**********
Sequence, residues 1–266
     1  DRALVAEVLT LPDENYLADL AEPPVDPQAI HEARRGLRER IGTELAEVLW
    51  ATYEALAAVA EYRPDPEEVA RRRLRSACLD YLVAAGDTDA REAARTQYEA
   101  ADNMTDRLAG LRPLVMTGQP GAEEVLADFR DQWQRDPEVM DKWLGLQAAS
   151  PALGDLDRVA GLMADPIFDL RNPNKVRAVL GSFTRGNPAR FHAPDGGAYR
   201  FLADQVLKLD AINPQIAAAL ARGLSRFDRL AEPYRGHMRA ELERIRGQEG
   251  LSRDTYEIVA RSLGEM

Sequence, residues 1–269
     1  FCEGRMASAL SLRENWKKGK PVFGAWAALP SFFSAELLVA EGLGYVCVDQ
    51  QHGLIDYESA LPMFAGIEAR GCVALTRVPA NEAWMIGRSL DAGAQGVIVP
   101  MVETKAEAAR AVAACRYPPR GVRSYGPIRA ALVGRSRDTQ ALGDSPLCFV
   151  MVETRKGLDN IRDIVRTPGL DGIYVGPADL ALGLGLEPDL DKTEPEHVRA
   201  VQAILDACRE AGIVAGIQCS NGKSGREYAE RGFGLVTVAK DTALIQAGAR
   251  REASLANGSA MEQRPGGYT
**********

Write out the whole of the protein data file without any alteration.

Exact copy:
Sequence, residues 1–266
     1  DRALVAEVLT LPDENYLADL AEPPVDPQAI HEARRGLRER IGTELAEVLW
    51  ATYEALAAVA EYRPDPEEVA RRRLRSACLD YLVAAGDTDA REAARTQYEA
   101  ADNMTDRLAG LRPLVMTGQP GAEEVLADFR DQWQRDPEVM DKWLGLQAAS
   151  PALGDLDRVA GLMADPIFDL RNPNKVRAVL GSFTRGNPAR FHAPDGGAYR
   201  FLADQVLKLD AINPQIAAAL ARGLSRFDRL AEPYRGHMRA ELERIRGQEG
   251  LSRDTYEIVA RSLGEM

Sequence, residues 1–269
     1  FCEGRMASAL SLRENWKKGK PVFGAWAALP SFFSAELLVA EGLGYVCVDQ
    51  QHGLIDYESA LPMFAGIEAR GCVALTRVPA NEAWMIGRSL DAGAQGVIVP
   101  MVETKAEAAR AVAACRYPPR GVRSYGPIRA ALVGRSRDTQ ALGDSPLCFV
   151  MVETRKGLDN IRDIVRTPGL DGIYVGPADL ALGLGLEPDL DKTEPEHVRA
   201  VQAILDACRE AGIVAGIQCS NGKSGREYAE RGFGLVTVAK DTALIQAGAR
   251  REASLANGSA MEQRPGGYT